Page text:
Actively Engaging Students in the Classroom
|Teachers experiencing real lessons|
Actively Engaging Students in the classroom
Designing and delivering an engaging lesson doesn't need to be an exhaustive, challenging process, that brings to mind the show-and-tell days of kindergarten (fun as they were).
- Engaging students promotes a positive environment.
- Engaging students lowers the affective filter.
- Engaging students fosters interaction and community.
- Engaging students supports learning (and student) retention.
- Engaging students empowers learners to learn.
- Engaging students produces effective, efficient teaching.
Unscrambling a Dialogue
While there are grandiose manners to insure engagement such as creating a game or writing a skit, there are also smaller, easier measures a teacher can take.
How do we actively engage our students in my lessons?
|Group work creates an enjoyable learning environment|
Get them in groups: Cooperative learning is a communal act that fits nicely into any classroom context. When we inject pair work and small group activities, students connect with the content and with one another in a deeper manner. They also develop comfort in sharing their academic knowledge. Having students work cooperatively supports their learning and creates community.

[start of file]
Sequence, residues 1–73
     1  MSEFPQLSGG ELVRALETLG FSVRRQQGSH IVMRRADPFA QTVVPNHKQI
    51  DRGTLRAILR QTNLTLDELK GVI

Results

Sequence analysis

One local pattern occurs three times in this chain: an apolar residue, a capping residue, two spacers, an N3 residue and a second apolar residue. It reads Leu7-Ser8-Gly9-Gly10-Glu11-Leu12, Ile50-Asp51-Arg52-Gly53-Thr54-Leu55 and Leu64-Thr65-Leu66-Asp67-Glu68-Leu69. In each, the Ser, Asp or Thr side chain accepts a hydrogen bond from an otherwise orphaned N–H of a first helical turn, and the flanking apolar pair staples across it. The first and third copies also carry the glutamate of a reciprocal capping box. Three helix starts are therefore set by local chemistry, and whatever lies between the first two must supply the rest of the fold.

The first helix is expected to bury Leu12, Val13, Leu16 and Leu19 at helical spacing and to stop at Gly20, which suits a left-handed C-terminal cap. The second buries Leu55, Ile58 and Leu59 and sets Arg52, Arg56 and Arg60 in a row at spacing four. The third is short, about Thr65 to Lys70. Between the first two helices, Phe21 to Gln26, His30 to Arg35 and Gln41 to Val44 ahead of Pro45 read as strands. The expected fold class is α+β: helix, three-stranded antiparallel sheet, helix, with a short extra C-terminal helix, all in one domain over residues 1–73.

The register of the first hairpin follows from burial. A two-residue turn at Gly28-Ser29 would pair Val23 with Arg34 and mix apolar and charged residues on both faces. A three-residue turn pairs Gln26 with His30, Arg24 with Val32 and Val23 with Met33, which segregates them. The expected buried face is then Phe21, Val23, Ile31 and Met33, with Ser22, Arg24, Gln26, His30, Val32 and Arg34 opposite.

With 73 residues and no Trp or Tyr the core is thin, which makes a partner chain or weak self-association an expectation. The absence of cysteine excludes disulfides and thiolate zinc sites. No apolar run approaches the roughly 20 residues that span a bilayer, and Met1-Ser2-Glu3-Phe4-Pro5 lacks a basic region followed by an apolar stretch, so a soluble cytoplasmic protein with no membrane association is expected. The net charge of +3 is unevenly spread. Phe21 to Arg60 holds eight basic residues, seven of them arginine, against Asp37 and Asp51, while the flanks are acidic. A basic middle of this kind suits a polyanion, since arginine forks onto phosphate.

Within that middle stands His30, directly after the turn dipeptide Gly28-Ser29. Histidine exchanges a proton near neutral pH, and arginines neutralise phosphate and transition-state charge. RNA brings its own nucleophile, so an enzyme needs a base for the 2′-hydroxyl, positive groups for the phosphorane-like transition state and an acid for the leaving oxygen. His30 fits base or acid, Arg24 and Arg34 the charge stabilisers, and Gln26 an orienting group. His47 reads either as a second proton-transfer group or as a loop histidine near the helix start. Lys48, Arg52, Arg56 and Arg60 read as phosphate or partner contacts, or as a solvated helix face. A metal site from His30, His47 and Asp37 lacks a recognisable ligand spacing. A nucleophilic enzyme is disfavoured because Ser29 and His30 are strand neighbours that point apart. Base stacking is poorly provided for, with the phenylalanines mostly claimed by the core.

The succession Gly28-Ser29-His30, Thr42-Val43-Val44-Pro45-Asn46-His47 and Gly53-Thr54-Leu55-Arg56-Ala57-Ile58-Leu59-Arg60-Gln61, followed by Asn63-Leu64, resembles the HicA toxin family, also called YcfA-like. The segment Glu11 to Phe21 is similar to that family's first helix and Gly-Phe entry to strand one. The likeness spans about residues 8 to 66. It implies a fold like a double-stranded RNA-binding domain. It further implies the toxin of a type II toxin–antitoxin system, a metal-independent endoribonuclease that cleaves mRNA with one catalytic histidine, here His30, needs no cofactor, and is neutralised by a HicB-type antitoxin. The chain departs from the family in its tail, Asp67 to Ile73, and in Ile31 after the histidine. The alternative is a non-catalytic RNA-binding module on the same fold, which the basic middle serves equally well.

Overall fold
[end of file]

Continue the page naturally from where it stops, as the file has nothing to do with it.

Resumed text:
Assess at every step: The more we get from them, the more attention they pay. Random, verbal and non-verbal assessments recycle key points and encourage participation. Trying to find out what students know helps them build confidence and helps us keep them in the center of the class.
Personalizing content, building background, and explaining the task's purpose are all ways we generate those connections.
Connecting students to what they are doing and why encourages engagement.
Expect more: When we believe students do know more than they're letting on, we encourage students to reach beyond their comfort zone. That belief however it is expressed is palpable, and students respond to it. When we expect they can, students tend to surprise us, themselves, and their peers.
|Workshop on Checking for Comprehension|
There's no magic to engaging students, but the effects of engaged students can be magical.